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A minister in the Department of International Trade declared the UK will most likely be deprived of its financial passporting rights enabling banks to access the European Union in the aftermath of Brexit negotiations.
Theresa May’s government appears to be aiming for a “hard Brexit,” according to which Britain would obtain control over its borders but lose access to the single market. The EU has on more than one occasion warned Britain can’t abandon EU Freedom of Movement without giving up access to the 28-member trading bloc.
Officials have also stated that passporting rights enabling banks to conduct operations using their local licenses across the EU, are allied to this trading deal. The British government, however, has been reluctant so far to admit publically that the UK is on the brink of losing passporting rights.
The loss of passporting rights could have a devastating effect the City of London. JPMorgan and UBS have made a public announcement stating they might have to shift thousands of jobs out of Britain if passporting rights are lost and Goldman Sachs is reported to be considering moving up to 2,000 headcount.
Barclays CEO Jes Staley said that the bank “will do what’s necessary to stay in Europe, we’re looking at what those alternatives are… Barclays is going to look at whatever alternatives we need to pursue.
“Our intent and desire is to stay fully invested in London, fully invested in the UK. But we hope that the political negotiations preserve the access of European capital to invest in Europe. We just have to see.”
Mark Garnier, Parliamentary Under Secretary of State for International Trade, tried to diminish concerns by assuring that Britain would settle a “new model” of financial trade with the EU which would be a decent substitution for passporting rights. He said:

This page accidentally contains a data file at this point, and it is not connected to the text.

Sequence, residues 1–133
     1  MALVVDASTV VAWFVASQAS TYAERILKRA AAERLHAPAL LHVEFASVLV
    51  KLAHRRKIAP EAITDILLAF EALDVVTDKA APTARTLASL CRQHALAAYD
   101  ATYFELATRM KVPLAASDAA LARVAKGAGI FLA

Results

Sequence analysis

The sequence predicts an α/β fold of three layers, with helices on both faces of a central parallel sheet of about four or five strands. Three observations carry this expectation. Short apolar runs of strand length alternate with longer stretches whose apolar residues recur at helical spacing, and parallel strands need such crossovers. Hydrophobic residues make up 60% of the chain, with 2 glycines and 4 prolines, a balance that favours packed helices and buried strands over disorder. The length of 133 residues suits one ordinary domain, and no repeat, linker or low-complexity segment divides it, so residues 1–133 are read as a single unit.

“If we can create a special hybrid version of that, with a better version of equivalence or a different version of passporting, then that’s what we will try to achieve. What we are not trying to do is fit into an existing box. We are trying to create a new model.”
There are two problems with this “new model”. The first one is that it is highly unlikely such a model will be adopted at all. Secondly, it would require much time, time banks will most likely not stick around for.
Donald Tusk, European Council President, is one of numerous EU officials to have stated they will take a tough stance in Brexit negotiations, meaning negotiating a new trade deal would be difficult.
Meanwhile, the head of the British Bankers’ Association warned the previous week that banks’ “hands are quivering on the relocate button” as “businesses can’t wait to the last minute.” While negotiations are underway, the majority of banks will probably quit.
The Prime Minster appears to be very well informed of this. A leaked audio recording of Theresa May delivering speech at Goldman Sachs in May — before the referendum and before she would become prime minister — features the then-home secretary saying: “If we were not in Europe, I think there would be firms and companies who would be looking to say, do they need to develop a mainland Europe presence rather than a UK presence?”